“Actually it started with bboying culture in the mid 80s and then in the early 90s it started with a visual language of it,” he says, explaining the progression.

Unidentified Artist…speaking the truth. Lisbon. December 2017. (photo © Jaime Rojo)

A Personal Introduction to Graff


His own teenage aestheticism extended to characters, and a fascination for punk or “rough” magazines and the illustration stylings of artists in the classic Chiclete com Banana magazines. “I had this relationship with drawing and cartoons and this kind of stuff – this popular culture sort of thing,” he says.

His talents as an artist were well prized among his peers until he was nearly outshone by a graffiti writer from Capo Verde, a classmate who threatened Pedro’s status as the school artist; a funny story he explains this way:

“At that time in my high school I was ‘The’ guy who was doing the best cartoons and all this kind of stuff,” he says, reflecting on his celebrity. “Suddenly he did a big piece on the wall! So I was the king of the ‘drawing thing’ and this motherf***er came here and did a big and colorful piece!”

Edis1. Bairro Padre Cruz. Lisbon. December 2017. (photo © Jaime Rojo)

BSA: ..and everyone knew about it of course.
Pedro: Yeah of course it was much more visible than what I did. So I started to interact with the guy.

Pedro’s personal history with graffiti began there and never stopped. After starting on walls and greatly enlarging his own illustrations and experimenting with letter styles, he and his peers grew to about 10 or 12 writers and the graffiti scene appeared to blow up from there.

A community of writers from many backgrounds spread across the city practicing one-upsmanship in technical skill and logistical daring, operating singularly, in small groups, or the occasional Wall of Fame project. Because there wasn’t a strict evolutionary lineage of style, many young artists developed their own in the laboratory of the street, not necessarily related to the hip hop culture but adapting from their own culture.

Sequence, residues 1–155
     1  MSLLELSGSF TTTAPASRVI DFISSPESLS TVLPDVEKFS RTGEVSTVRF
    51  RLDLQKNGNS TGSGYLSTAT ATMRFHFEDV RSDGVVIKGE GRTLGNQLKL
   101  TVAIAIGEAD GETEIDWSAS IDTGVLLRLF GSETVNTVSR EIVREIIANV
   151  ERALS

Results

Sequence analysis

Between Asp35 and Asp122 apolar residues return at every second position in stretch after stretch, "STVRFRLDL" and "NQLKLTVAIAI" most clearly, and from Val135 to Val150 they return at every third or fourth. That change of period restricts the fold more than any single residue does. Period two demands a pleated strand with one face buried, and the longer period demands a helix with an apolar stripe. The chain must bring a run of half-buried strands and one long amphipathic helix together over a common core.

Cola. Lisbon. December 2017. (photo © Jaime Rojo)

2000s and the Turn Toward Street Art


By the late 90s and early 00s he feels that the scene suffered a sort of malaise when purely commercial murals began to take parts of the wall inventory and change the character of some areas. It was a development he deeply disliked for its perversion of a freer art practice yet he appreciated it for the employment it provided to professional artists. The city also borrowed the vernacular of graffiti for public service announcements painted as murals.

The mid 2000s began to reflect the influences of artists like Banksy and a new sort of community comprised of artists from old school graffiti writers and new generation Street Artist began to coalesce in Lisbon he says. Additionally the later 2000s began an increasing flow of international Street Artists and graffiti writers who began avoiding Barcelona after that city started cracking down on their famed urban art scene.

RAM. Bairro Padre Cruz. Lisbon. December 2017. (photo © Jaime Rojo)

“They (artists) started to add a few other languages to try to surpass this previous period and also began dialoguing with the new things that were happening in Street Art,” he says of the witty skewering of pop culture iconography, introduction of fine art illustration styles and the use of newer art-making methods.

“It was starting to really have lots of people doing stencils and paste ups and this kind of stuff all around. It started to influence the younger generation and that put some pressure on the older generations, who started to do that themselves.”

 

Visual Street Performance and the Crono Project


A collective guild comprised of artists from both graffiti and Street Art like HBSR81, Hium, Klit, Mar, Ram, Time and Vhils joined together in the mid 2000s and called themselves Visual Street Performance (VSP). A professional/DIY effort, they began to organize large events and an annual exhibition through 2010 that expanded the vernacular to hybrids of fine art and elements of pop, character illustration, photo realism, surrealist fantasy, found object art, abstract expressionist, more traditional graffiti and graphic design.

Pang. Lisbon. December 2017. (photo © Jaime Rojo)

Pedro had been studying abroad in the Czech Republic and Rome for a few years, “And when I came back I noticed a different panorama. There were lots of younger kids with totally different skills and with that approach of making money out of it,” he says with a mixture of admiration and possibly concern at the professionalism entering the equation.

“They managed to invent themselves,” he says, “and also within the exhibitions the kids like Vhils were born from these,” he says as he talks about the commercial aspects of the cultural scene with connections to an aerosol art brand, print makers, and related clothing projects.